Other common waste issues arise from operations and material storage leading to chemicals finding their way into process water and storm water discharges to sewers, subject to limits established by the local sewer authority and advance permit requirements. In addition, states are beginning to classify unused plant material as ineligible for composting and requiring the additional expense of destroying it by grinding so it is unable to be used. It is also noteworthy that vaporizer products themselves are subject to waste requirements because they may contain lithium batteries and other components made of regulated metals. Such used products would need to be processed by an appropriate electronics recycler or disposal facility, and states are trending toward requiring dispensaries to provide collection centers for such waste products.
Pesticide use on marijuana plants is typically prohibited by states in favor of natural pest-control options. However, rules vary from state to state, so multi-state cannabis operations (MSOs) lack regulatory uniformity on methods for controlling pests, weeds or fungi. Interestingly, there are pesticides approved for use on food products which cannabis growers are not allowed to use. While some loosening of pesticide restrictions is anticipated into the future, the present course is strictly regulated.
The child-resistant element of cannabis packaging makes it difficult to recycle because of the presence of multiple layers of plastic and cardboard or a zipper. Efforts to enhance recyclability through the use of hemp plastics and all-cardboard packaging are proving to be costly alternatives.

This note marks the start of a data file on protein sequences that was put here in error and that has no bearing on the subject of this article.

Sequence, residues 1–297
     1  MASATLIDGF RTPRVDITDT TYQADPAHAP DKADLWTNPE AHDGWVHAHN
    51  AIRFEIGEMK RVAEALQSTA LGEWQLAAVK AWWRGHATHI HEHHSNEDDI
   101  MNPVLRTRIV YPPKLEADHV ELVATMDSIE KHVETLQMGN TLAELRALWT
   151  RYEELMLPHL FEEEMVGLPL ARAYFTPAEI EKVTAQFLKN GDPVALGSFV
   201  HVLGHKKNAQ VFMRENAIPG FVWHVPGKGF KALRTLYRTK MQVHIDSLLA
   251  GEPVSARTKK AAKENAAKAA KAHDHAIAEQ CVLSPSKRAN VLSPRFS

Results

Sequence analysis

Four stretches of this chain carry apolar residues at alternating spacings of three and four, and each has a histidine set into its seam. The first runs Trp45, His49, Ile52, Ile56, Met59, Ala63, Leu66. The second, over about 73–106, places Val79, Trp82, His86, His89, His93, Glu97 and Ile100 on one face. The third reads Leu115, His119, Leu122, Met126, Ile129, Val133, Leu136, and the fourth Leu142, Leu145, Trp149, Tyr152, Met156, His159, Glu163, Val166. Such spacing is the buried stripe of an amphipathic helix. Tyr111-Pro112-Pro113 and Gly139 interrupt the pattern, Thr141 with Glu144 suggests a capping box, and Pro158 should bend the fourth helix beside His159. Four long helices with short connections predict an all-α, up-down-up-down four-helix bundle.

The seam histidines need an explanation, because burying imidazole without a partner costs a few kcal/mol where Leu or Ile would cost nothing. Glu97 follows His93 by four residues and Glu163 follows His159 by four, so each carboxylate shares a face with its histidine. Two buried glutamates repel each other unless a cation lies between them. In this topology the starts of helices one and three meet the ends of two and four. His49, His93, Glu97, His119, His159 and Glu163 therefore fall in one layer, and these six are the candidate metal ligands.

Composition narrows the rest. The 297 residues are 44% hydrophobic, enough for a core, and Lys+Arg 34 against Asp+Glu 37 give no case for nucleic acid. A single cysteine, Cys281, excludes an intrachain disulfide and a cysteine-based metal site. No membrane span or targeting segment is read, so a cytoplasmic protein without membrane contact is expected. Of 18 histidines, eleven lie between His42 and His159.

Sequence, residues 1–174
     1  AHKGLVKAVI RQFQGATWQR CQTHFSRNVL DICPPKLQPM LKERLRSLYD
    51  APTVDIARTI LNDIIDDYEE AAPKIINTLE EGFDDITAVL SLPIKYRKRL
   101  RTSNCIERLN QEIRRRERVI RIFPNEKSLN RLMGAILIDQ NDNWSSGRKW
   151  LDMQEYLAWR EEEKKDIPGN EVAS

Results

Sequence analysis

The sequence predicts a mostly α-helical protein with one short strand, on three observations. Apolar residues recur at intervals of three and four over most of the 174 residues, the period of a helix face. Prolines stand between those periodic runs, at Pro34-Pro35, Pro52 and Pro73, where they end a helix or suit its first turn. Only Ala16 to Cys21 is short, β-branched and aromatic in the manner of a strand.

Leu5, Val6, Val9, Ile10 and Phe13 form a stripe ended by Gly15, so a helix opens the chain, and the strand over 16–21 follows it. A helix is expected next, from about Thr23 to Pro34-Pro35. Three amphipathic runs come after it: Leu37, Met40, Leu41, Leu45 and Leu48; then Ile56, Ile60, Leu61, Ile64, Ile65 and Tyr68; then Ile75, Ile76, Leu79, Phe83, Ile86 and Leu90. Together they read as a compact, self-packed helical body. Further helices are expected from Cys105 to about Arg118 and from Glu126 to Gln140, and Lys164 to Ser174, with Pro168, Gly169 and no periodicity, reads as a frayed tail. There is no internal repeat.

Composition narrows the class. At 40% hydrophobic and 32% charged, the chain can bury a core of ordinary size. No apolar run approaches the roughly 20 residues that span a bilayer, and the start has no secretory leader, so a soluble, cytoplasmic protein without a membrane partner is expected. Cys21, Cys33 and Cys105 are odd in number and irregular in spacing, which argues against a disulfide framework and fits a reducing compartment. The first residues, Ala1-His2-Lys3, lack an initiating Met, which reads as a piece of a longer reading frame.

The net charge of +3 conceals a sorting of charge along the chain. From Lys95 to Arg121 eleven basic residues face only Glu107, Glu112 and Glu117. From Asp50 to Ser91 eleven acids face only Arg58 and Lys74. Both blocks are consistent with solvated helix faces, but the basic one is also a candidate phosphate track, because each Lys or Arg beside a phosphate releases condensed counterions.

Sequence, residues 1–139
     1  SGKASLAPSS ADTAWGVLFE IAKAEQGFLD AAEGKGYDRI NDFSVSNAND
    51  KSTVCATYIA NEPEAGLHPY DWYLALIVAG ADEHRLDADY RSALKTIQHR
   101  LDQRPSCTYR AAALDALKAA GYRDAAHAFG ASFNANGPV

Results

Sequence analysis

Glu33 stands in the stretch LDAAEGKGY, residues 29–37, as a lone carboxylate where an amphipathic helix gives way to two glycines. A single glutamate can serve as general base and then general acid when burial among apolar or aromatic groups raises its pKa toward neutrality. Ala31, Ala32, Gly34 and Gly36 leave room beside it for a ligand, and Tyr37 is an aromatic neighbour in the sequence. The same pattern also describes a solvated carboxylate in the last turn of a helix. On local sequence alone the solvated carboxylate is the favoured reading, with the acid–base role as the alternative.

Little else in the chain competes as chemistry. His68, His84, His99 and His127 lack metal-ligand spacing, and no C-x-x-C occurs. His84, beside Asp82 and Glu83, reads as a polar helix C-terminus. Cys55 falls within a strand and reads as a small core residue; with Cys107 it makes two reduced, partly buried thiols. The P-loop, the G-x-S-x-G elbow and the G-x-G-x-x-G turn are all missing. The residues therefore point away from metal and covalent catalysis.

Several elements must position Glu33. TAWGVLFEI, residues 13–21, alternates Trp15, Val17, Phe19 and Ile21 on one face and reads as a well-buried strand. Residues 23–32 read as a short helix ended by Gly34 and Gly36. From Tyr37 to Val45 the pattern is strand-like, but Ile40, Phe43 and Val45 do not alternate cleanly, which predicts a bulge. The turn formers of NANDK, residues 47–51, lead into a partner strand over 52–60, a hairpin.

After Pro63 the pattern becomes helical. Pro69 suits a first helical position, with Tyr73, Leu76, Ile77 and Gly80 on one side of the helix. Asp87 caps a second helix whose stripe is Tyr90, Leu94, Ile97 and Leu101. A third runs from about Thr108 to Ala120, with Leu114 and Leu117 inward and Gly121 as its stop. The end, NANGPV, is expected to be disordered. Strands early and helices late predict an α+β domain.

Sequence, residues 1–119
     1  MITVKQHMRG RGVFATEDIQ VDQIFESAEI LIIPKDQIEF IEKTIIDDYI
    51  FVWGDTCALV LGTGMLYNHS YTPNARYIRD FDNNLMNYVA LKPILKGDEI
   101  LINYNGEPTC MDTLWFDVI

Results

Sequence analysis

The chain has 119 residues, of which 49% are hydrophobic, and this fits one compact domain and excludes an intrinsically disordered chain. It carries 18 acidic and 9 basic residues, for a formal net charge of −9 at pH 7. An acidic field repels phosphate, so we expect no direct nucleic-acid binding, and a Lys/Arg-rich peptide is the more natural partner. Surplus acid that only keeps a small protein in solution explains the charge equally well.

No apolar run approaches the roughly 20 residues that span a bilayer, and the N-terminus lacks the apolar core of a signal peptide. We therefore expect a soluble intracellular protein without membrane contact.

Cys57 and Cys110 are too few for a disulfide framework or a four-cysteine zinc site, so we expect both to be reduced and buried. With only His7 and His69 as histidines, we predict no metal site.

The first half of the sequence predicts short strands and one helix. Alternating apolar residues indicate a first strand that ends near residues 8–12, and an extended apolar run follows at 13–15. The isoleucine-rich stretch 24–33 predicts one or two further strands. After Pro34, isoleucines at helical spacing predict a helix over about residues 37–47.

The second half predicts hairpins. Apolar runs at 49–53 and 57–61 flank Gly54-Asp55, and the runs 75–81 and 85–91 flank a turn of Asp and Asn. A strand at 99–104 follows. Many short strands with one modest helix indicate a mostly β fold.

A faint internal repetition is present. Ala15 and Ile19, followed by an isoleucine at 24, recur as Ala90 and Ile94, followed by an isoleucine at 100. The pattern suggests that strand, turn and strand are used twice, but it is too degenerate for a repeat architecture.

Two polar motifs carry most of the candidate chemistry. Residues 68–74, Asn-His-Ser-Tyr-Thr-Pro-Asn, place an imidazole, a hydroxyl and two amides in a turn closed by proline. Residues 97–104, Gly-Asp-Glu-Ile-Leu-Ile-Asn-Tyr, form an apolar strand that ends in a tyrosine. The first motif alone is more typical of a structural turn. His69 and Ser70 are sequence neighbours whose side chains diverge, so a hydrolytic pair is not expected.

Another challenge stems from large-scale water usage by growing operations, particularly in water sensitive regions. Drought-prone states like California have restrictions on drawing from surface water for outdoor irrigation and require groundwater usage subject to advance permitting at the state and local levels. If irrigation or process water is being discharged, it is subject to state and municipal discharge limits, and if discharged to the environment it could be subject to Clean Water Act permitting.
Lastly, indoor growing operations are large energy consumers due to usage of high-powered lightbulbs and heavy-duty heating, ventilation and air-conditioning systems. In response, states are beginning to require cannabis operations to identify how they can reduce energy use and have a plan in place for how to implement those opportunities and their utility providers’ greenhouse gas emissions requirements. Conducting energy audits and using LED lights with colors tied to stages of plant growth are some of the planning tools being implemented.
EH&S compliance is an important element in managing regulatory risk. These EHS regulations apply to the cannabis industry and related businesses as much as any other. A proactive approach to EHS not only manages risk for your business, it can enhance a positive workplace culture with your team and strengthen your business profile within the local community. The next installment in this series will explore ways that cannabis companies can get started with a strong EHS Compliance Program – even with limited resources or EHS experience.
Gerald Hincka is a Senior Consultant with EHS Support, LLC. He has more than 30 years of experience, specializing in the diagnosis, strategic evaluation and complete solution of environment-related business problems for clients around the world.
[i]That said, businesses with 10 employees or fewer are exempt from OSHA’s injury and incident reporting as well as programmed inspections by OSHA employees. State worker-protection laws vary.